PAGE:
Given the competition broadcasters have with cable, streaming, and so on, 3.0 could be a way to stabilize or even increase their income by offering better picture quality, better coverage, and most importantly, targeted ads.
Ah yes, targeted ads…
Broadcast TV will know what you’re watching
One of 3.0’s more controversial features is a “return data path,” which is a way for the station you’re watching to know you’re watching. Not only does this allow more accurate count for who’s watching what shows, but it creates the opportunity for every marketer’s dream: targeted advertising.
Ads specific to your viewing habits, income level and even ethnicity (presumed by your neighborhood, for example) could get slotted in by your local station. This is something brand-new for broadcast TV. Today, over-the-air broadcasts are pretty much the only way to watch television that doesn’t track your viewing habits. Sure, the return data path could also allow “alternative audio tracks and interactive elements,” but it’s the targeted ads and tracking many observers are worried about.
The finer details are all still being worked out, but here’s the thing: if your TV is connected to the internet, it’s already tracking you. Pretty much every app, streaming service, smart TV and cable or satellite box all track your usage to a greater or lesser extent.
While the return data path function is still in the planning stages, if we take a step back and look at how the physics of how it could work, there’s a silver lining: it almost certainly would still require internet access. Most likely there will be an opt-out or opt-in option, but if this type of thing bothers you, just don’t connect your TV to the internet. There’s no way any TV could broadcast a signal with enough power for your local TV station to receive it. I mean, I suppose there’s a darker timeline where the TVs have a 4G or 5G transmitter built in and talk to the network without any other connection from you — but that seems pretty far-fetched. That would be costly to build and costly to run.
That said, we’ll keep an eye on this for any further developments.
Now Playing:Watch this: Channel Master TV: Subscription-free, over-the-air recording…
Free TV on your phone
Another point of potential contention is getting ATSC 3.0 tuners into phones. At a most basic level, carriers like AT&T, Verizon, and T-Mobile are in the business of selling you data. If suddenly you can get lots of high-quality content for free on your phone, they potentially lose money. Ever wonder why your phone doesn’t have an FM radio tuner? Same reason.
T-Mobile made a preemptive strike along those lines last September, writing a white paper (pdf) that, among other things, claims, “in light of the detrimental effects that inclusion of ATSC 3.0 can have on the cost and size of a device, the technology trade-offs required to accommodate competing technologies, and the reduced performance and spectral efficiency that it will have for other mobile bands and services, the decision as to whether to include ATSC 3.0 in a device must be left to the market to decide.”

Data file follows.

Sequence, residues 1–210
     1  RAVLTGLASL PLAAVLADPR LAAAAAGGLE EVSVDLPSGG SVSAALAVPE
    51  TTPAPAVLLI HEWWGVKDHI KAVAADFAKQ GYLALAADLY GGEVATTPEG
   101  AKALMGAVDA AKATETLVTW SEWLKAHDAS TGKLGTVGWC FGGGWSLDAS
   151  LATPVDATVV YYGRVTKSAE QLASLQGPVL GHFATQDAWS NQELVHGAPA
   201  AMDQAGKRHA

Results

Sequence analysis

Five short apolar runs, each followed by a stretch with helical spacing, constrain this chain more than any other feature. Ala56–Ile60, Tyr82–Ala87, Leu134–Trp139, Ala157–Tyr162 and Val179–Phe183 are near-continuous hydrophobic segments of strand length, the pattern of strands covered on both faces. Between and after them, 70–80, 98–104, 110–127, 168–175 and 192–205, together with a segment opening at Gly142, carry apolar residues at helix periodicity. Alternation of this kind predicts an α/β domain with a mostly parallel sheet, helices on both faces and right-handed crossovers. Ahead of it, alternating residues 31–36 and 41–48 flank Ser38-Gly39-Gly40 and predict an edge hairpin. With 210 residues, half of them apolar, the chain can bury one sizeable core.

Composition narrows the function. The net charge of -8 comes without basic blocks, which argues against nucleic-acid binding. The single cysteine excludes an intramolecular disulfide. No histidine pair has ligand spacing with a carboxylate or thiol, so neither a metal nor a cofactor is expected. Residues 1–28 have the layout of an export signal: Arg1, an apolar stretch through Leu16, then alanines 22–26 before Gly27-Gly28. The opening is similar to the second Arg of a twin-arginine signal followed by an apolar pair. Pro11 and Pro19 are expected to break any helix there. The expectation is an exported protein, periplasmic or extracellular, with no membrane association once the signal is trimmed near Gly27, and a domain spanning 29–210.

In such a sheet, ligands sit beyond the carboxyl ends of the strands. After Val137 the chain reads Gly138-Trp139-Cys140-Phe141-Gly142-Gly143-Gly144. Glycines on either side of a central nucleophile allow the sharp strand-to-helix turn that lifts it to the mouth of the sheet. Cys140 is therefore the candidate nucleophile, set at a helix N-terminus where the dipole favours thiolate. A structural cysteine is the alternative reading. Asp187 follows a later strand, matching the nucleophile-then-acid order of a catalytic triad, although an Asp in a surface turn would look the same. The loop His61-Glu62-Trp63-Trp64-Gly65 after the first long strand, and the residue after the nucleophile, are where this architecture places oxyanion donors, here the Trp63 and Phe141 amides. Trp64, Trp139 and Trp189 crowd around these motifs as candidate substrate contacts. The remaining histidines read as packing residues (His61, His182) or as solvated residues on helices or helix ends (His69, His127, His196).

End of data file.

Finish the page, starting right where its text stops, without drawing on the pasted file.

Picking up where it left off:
“The market” determined you didn’t need an FM tuner in your phone, and in the few phones that had an FM tuner, if you bought it through an American provider, it was almost always disabled.
TV broadcasters, on the other hand, are huge fans of ATSC 3.0 on mobile phones. It means more potential eyeballs and, incidentally, a guarantee of active internet access for that return data path. Hane feels that tuners in phones is “inevitable,” and feels that international adoption of ATSC 3.0 will help push it forward. Wharton says that the focus now is getting TVs to work, but mobile is in the plan.
It’s highly unlikely the FCC, current or future, would make any sort of tuner mandate for mobile phones. There is talk of “gateways” that would receive the ATSC signals, and then send them over your home network via Wi-Fi for you to watch on any smartphone or tablet. A sort of Wi-Fi-enabled external tuner. In all likelihood these same “gateways” would also let your current TV see ATSC 3.0 signals.
And then there’s portable TVs, of which there are HD versions on the market, and have been for years. The next-generation ATSC 3.0 versions of these will likely get better reception in addition to the higher resolution offered by the new standard.
Cost (for you)
ATSC 3.0 is not compatible with any tuner on the market now, nor is it in any way backward compatible. To get it, you’ll eventually need either a new TV or an external tuner, neither of which are currently available. Cost, though, is also fairly irrelevant for three reasons.
ATSC 3.0 isn’t mandatory, and it doesn’t affect cable, satellite or streaming TV.
Standard HD broadcasts will continue for at least another five years.
HD tuners cost as little as $30 to $40 now, and ATSC 3.0 tuners will eventually be cheap as well.